McKay: And, you know, a true artist in the sense of visual, and I just adore them as a couple and friends. And we are so fortunate to have them in our community. So, yeah, Tony's new inspiration will be needed. And it's not going to be a new entity it's just going to be a bigger one. So when you talked about saturation as far as people I don't believe that the arts can ever be saturated. There needs to be a place where everybody can feel comfortable. It may not always be at Thalian Hall. It may not always be at the little Brown Coat Pub Theater that's just opened. It may not be Red Barn. There's always going to be a need for a place of difference, alternatives. Educationally is where my focus is going to be coming into.
Jones: All right. Let's talk about there. Where are you going to continue to do this? Now, I don't want to spend time on this, but the USO is going to have a happening, but there's still going to be places for you people down here, right?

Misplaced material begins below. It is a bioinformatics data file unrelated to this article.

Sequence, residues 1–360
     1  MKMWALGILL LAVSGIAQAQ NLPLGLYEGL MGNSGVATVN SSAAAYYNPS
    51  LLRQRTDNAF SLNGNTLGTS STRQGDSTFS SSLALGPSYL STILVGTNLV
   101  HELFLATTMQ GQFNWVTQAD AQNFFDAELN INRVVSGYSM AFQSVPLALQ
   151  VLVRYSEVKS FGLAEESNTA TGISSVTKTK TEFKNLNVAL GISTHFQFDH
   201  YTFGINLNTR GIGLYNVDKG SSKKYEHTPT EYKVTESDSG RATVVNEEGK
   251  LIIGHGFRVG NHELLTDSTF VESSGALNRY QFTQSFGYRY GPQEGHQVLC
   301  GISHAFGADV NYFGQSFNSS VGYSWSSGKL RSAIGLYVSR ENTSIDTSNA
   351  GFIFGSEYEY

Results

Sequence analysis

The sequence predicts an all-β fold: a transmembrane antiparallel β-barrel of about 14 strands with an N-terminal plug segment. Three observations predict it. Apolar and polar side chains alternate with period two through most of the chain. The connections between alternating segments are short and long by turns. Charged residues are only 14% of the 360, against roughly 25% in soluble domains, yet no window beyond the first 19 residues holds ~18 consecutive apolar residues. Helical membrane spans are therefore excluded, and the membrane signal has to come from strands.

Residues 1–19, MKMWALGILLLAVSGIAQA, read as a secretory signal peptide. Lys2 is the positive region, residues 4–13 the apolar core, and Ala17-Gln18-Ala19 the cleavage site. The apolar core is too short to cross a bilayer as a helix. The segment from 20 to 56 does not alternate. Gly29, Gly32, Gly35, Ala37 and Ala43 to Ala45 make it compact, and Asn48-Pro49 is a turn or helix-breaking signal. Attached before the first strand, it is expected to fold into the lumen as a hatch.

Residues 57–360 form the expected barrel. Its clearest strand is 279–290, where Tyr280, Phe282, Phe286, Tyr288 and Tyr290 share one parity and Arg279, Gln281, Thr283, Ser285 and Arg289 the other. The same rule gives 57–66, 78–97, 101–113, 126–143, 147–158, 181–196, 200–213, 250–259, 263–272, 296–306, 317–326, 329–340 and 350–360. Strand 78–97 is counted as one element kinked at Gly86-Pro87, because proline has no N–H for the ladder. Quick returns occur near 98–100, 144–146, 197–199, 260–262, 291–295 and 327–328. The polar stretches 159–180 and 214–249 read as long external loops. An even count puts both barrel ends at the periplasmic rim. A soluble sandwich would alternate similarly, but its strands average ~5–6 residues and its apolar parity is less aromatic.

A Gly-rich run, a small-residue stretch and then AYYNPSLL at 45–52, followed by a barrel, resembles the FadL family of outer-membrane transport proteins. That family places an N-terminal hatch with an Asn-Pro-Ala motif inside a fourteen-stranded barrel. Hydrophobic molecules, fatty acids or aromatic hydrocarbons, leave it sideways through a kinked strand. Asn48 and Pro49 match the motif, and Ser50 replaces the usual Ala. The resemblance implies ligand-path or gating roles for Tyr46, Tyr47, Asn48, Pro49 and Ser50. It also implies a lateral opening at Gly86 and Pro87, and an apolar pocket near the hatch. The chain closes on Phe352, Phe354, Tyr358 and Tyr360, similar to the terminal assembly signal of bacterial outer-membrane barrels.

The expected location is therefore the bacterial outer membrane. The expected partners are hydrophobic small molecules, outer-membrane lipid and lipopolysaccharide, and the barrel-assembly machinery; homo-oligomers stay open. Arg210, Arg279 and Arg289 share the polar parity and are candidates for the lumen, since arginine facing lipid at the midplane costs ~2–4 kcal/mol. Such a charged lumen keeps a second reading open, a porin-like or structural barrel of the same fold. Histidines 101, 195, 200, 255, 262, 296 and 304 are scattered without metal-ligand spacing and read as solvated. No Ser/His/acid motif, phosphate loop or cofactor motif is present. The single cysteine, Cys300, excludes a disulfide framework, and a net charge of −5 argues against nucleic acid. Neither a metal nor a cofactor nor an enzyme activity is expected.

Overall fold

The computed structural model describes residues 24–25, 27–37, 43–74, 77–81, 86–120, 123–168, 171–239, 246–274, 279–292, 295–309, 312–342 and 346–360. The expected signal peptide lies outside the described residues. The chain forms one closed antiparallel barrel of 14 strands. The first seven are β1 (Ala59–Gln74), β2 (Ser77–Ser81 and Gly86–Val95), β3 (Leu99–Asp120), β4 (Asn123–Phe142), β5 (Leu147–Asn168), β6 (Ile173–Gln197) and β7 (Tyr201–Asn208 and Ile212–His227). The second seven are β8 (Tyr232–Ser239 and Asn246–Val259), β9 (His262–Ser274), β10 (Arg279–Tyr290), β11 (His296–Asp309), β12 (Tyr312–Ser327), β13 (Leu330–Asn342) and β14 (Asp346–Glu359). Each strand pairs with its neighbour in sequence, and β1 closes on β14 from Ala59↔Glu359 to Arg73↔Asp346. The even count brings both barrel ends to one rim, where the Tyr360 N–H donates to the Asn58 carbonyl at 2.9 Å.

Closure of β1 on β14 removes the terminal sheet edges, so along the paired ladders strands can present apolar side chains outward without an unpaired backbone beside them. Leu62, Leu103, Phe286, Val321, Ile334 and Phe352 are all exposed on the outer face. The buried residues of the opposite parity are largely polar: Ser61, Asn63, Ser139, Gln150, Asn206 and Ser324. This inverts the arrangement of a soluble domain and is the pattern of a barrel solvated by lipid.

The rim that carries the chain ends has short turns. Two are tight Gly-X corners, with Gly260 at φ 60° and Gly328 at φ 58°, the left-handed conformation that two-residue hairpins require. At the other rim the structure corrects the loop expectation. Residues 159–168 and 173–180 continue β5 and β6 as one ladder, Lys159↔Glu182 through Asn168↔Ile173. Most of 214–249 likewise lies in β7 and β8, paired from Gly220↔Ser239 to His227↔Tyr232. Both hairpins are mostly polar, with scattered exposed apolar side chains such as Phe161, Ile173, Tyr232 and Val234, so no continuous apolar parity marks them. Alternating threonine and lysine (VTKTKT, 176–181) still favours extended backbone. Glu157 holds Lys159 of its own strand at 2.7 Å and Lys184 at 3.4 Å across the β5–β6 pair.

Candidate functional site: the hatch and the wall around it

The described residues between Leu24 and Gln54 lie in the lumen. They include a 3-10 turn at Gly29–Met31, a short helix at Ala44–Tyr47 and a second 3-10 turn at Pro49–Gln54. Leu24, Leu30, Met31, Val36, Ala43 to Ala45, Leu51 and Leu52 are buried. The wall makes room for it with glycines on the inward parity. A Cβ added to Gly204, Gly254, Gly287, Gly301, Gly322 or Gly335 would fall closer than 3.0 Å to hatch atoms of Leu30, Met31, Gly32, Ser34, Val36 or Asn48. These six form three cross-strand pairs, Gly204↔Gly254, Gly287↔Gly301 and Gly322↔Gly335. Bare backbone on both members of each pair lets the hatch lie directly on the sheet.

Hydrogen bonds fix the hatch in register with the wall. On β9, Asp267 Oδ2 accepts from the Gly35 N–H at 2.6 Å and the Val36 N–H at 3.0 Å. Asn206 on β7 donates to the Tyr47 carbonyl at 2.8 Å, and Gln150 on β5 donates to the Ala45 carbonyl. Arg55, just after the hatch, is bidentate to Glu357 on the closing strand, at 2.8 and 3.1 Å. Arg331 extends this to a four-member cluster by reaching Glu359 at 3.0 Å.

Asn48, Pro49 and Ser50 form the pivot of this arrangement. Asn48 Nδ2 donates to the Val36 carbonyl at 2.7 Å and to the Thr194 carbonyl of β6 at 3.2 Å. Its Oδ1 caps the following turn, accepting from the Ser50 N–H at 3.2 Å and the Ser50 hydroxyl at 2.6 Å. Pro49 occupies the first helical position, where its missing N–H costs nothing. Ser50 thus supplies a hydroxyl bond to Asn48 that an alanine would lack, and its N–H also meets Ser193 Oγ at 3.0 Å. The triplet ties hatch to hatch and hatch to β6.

McKay: Well, let me tell you briefly how I feel about that, being so involved in helping to save that building and, you know, lost friends...
Jones: It had to be saved.
McKay: Made enemies, and made more friends. It had to be saved and, you know, thereby it shows my personality again, oh, boy, standup. But anyway, that being said it's...
Jones: No, I think you're brave. I think you're absolutely right, though, historically.
McKay: It had to be done. It was the underdog situation, again. And I'm so excited, overwhelmed. Went in there, cried tears of joy, but how I feel personally as a founder of two companies, and moving forward with my companies, is I don't believe that the Community Arts Center, since it belongs to our community should be a place where any one theater company should be housed. I believe that it needs to remain a flexible use building so that theater companies like my self who started there with Journey, it enabled us to do very low cost productions to build our company, to build our reputation, to use it as a community building. So now my-- I'm strong enough. It's time to move one. It's time to grow, and that's how I feel about the Community Art Center and as far as companies kind of housing there. I think that companies absolutely should use it to grow strong like a grassroots grant. You use it to grow.